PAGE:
U.K. report puts focus on getting it right first time

2020 11 11 20 46 6575 2020 11 12 Uk Report Cover 20201111201154

A group of senior U.K. radiologists has unveiled a report about imaging services in England, called Getting It Right First Time (GIRFT).

Image courtesy of GIRFT.Image courtesy of GIRFT.

The initiative was led by consultant radiologist Dr. Katharine Halliday of Nottingham and supported by Dr. Giles Maskell, past president of the U.K. Royal College of Radiologists (RCR) and AuntMinnieEurope.com columnist, and radiology services experts Lucy Beeley and Elaine Quick. The team spent more than two years investigating variation among National Health Service (NHS) imaging services, analyzing data, and visiting hundreds of hospital radiology departments. They also consulted with the RCR, which has welcomed the report.

The goal of the project is to make radiology services more patient-centric and accessible. Major themes include the need for standardized and streamlined radiology pathways and systems, as well as efficiencies in workload and workforce management. The authors also cover the impact of COVID-19 on services and aim to build on previous radiology investigations.

In patient-focused recommendations, they recommend the ongoing creation of community-based diagnostic hubs that were recently promised by NHS England/Improvement4 (NHSE/I), online booking and extended hours to suit outpatient appointments, as well as dedicated provision of interventional radiology facilities.

Short-term recommendations include the following:

  • Creating imaging networks in line with NHSE/I's target of 18 nationwide networks
  • Continuing ongoing work by imaging community stakeholders to review NHS coding for diagnostic and interventional radiology and end multiple NHS data submissions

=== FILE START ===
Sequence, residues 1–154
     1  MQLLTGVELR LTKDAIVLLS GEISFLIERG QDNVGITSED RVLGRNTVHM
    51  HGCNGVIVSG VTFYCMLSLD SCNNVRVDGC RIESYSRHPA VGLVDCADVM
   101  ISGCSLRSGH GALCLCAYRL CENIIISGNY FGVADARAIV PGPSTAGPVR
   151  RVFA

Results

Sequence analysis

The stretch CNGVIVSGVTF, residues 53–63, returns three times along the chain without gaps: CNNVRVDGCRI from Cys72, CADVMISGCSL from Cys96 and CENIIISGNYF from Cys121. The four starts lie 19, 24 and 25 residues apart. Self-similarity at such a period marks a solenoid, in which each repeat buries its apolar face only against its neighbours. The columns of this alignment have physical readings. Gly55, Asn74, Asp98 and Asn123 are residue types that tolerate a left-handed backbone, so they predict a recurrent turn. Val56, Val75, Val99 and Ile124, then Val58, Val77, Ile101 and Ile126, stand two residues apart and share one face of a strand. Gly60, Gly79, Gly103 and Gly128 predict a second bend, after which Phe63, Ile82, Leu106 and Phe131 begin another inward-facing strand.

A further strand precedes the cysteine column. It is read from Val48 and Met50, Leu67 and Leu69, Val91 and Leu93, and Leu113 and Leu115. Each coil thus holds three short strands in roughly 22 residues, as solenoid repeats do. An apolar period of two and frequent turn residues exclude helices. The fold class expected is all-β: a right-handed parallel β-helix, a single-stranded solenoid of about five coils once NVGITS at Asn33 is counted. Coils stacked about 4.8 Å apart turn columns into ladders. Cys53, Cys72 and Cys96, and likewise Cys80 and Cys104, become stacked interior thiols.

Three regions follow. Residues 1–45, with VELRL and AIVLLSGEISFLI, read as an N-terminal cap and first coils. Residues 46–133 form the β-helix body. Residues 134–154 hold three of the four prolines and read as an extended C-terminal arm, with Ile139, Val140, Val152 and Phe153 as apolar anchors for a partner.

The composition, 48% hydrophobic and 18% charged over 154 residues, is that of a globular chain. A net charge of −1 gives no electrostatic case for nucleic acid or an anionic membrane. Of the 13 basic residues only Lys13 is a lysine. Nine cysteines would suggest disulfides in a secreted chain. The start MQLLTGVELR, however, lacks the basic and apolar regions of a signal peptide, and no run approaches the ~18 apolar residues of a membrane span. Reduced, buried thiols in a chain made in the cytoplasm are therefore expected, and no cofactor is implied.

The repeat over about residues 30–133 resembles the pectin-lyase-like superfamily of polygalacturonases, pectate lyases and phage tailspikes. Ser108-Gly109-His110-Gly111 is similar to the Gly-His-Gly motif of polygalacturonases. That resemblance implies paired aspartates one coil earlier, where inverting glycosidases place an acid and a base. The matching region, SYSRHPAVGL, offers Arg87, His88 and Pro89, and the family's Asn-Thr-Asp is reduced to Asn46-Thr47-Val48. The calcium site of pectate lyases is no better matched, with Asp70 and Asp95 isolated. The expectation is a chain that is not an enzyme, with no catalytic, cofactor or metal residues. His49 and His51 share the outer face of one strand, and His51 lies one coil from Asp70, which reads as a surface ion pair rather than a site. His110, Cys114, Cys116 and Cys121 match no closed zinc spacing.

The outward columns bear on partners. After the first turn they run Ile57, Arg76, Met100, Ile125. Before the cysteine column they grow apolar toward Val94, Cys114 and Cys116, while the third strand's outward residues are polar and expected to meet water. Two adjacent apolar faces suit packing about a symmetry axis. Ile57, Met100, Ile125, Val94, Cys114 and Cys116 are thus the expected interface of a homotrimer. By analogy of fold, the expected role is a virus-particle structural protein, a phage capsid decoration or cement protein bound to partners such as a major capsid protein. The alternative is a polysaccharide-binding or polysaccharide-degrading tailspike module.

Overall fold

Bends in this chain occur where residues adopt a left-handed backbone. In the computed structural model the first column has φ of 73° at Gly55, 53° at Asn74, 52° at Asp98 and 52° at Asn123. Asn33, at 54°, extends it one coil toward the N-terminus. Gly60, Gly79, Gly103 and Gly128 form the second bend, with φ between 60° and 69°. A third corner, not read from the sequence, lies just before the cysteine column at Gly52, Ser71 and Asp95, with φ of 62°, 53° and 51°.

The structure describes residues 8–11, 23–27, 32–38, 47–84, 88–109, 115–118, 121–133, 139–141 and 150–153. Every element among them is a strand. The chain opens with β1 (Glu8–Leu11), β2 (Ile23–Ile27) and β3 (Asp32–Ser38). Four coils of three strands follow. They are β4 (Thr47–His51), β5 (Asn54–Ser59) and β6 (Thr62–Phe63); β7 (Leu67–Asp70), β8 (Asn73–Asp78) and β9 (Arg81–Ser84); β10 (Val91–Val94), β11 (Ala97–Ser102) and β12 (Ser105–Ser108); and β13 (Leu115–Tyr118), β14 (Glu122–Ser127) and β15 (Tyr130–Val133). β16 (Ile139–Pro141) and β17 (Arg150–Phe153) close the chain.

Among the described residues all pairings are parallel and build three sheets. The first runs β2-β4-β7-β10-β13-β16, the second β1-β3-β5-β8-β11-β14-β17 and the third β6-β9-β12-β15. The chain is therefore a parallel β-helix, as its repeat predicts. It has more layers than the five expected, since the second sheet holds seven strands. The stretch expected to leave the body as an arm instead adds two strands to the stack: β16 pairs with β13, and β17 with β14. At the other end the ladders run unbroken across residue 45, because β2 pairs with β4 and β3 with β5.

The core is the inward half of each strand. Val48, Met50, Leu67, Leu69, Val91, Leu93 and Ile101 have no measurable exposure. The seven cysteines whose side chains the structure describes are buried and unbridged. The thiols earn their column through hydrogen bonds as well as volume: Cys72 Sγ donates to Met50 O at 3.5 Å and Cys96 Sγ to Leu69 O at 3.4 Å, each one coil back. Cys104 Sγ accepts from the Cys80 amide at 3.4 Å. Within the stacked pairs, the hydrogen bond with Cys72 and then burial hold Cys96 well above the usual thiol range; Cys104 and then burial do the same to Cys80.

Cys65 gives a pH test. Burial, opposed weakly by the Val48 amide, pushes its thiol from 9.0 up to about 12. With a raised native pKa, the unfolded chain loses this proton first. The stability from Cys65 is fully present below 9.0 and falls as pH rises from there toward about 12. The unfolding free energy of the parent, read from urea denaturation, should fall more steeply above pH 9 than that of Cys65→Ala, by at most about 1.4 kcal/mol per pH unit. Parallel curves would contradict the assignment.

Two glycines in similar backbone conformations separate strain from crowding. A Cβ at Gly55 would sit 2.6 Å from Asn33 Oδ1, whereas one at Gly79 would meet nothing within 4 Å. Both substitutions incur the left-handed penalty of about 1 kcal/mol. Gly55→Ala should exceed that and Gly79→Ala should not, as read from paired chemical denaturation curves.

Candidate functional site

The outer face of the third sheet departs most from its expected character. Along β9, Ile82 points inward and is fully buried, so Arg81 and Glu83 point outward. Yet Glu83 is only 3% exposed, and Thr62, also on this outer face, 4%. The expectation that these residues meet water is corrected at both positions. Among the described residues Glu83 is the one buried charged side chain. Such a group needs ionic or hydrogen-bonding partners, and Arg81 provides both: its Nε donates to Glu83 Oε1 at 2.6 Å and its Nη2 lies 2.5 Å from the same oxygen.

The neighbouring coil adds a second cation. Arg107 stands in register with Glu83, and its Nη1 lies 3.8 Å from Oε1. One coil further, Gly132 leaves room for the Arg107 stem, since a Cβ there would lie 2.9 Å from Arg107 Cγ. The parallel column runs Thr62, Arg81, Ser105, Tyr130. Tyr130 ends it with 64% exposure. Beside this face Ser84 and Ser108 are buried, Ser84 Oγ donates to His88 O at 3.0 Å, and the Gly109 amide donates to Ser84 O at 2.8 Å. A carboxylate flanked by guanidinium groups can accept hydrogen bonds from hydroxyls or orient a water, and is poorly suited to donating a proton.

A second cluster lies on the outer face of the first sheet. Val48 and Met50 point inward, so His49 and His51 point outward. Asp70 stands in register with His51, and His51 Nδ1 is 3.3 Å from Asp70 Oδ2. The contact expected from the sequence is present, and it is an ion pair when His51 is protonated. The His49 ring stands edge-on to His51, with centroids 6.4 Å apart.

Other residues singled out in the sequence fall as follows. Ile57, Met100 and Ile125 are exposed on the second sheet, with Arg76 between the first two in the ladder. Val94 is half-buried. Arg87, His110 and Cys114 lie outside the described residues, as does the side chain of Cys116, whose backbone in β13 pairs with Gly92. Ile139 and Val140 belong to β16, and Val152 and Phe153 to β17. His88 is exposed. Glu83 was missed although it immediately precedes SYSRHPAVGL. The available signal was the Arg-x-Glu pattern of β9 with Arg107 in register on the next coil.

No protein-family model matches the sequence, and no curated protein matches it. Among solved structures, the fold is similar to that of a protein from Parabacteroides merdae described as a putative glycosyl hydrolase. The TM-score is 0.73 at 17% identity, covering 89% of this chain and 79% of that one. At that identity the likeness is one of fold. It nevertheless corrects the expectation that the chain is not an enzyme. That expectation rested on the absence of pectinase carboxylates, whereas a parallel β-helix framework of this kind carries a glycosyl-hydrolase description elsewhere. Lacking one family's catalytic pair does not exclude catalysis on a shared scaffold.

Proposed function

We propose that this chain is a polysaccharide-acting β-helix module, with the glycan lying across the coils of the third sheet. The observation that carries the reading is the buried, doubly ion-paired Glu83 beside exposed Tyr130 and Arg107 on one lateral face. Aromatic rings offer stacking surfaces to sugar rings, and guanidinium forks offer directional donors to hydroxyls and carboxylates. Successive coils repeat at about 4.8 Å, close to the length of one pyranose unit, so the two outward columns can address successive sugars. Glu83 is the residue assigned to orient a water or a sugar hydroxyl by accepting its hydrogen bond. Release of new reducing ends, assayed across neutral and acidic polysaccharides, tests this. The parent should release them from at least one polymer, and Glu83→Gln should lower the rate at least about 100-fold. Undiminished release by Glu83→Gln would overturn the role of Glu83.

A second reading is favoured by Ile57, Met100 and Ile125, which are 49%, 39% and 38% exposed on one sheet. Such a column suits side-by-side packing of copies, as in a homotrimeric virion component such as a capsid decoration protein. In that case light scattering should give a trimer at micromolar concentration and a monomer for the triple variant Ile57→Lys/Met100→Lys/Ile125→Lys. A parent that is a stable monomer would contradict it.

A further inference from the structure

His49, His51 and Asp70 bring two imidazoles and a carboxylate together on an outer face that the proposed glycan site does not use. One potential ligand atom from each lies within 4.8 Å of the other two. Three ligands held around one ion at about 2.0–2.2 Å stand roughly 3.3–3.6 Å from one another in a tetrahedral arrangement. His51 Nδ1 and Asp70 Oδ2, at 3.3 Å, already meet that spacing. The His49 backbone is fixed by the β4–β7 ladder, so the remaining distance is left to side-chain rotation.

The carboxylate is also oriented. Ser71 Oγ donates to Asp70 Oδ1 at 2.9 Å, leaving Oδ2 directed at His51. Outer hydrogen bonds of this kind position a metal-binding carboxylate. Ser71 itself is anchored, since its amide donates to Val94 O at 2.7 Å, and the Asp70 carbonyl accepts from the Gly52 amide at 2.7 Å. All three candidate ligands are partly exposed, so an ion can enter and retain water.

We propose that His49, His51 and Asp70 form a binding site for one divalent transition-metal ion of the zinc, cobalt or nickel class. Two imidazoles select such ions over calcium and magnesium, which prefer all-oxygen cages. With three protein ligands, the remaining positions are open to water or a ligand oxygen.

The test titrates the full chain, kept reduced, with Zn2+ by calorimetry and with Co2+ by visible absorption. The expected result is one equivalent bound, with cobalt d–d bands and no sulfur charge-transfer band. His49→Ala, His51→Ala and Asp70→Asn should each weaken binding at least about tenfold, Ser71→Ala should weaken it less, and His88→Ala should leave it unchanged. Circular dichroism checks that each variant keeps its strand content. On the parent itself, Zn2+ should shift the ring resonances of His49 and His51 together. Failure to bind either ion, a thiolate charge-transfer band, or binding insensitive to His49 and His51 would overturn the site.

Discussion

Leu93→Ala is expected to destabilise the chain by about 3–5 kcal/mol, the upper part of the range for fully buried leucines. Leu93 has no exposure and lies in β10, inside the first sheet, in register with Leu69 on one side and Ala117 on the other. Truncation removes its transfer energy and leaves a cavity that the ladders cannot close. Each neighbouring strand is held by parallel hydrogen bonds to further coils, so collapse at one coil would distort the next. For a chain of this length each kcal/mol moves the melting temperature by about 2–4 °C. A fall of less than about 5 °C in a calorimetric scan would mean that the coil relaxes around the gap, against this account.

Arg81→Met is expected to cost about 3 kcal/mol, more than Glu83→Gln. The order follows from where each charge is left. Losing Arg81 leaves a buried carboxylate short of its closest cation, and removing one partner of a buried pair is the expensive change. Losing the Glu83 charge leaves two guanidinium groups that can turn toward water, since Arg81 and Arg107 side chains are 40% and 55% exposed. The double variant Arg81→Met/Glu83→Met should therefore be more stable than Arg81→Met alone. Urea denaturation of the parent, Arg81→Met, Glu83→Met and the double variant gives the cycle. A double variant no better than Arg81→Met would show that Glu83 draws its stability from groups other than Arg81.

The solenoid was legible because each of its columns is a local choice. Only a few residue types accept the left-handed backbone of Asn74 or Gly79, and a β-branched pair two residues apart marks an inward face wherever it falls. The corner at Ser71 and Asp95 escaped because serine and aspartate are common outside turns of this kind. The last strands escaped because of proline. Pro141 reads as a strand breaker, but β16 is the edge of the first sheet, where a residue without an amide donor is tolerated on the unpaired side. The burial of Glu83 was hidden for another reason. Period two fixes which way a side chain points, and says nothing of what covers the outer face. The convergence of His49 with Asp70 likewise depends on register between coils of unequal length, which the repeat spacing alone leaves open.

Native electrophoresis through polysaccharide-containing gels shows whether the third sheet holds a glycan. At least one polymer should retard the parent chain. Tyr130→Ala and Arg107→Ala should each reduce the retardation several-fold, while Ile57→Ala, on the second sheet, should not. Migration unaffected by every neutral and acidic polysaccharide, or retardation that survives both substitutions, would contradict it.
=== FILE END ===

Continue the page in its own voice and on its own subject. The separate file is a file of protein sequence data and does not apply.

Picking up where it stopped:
• Progressing national targets for time from imaging test-to-report by trusts and NHSE/I over the next six months
  • All radiology services working towards providing dedicated facilities for interventional radiology day-case patients. Further guidance is due from GIRFT in the next 12 months.

Medium- and long-term GIRFT recommendations included the following:

  • The GIRFT, the RCR, and the Society of Radiographers (SoR) should progress national protocols for imaging common conditions over the next 18 months.
  • The RCR should progress standard definitions and expected productivity for radiologists over the next 18 months.
  • The RCR and SoR should progress standards for radiographers and radiology trainees over the next 18 months.
  • NHSE/I should create real-time demand management tools for diagnostic and interventional workflows over the next two years.

The report includes a total of 20 headline recommendations, along with 50 supporting actions to be undertaken by NHS trusts, the GIRFT team, NHSE/I, the RCR, and imaging community stakeholders.

The authors also emphasized that NHS imaging cannot provide the best possible service for patients or clinicians without more staff and resources.

"Unless there is investment in increasing staff numbers overall, it will not be possible to provide the quality of service that patients expect, that other departments require and that radiology teams wish to deliver," the authors wrote.

The full report can be downloaded via the GIRFT website.

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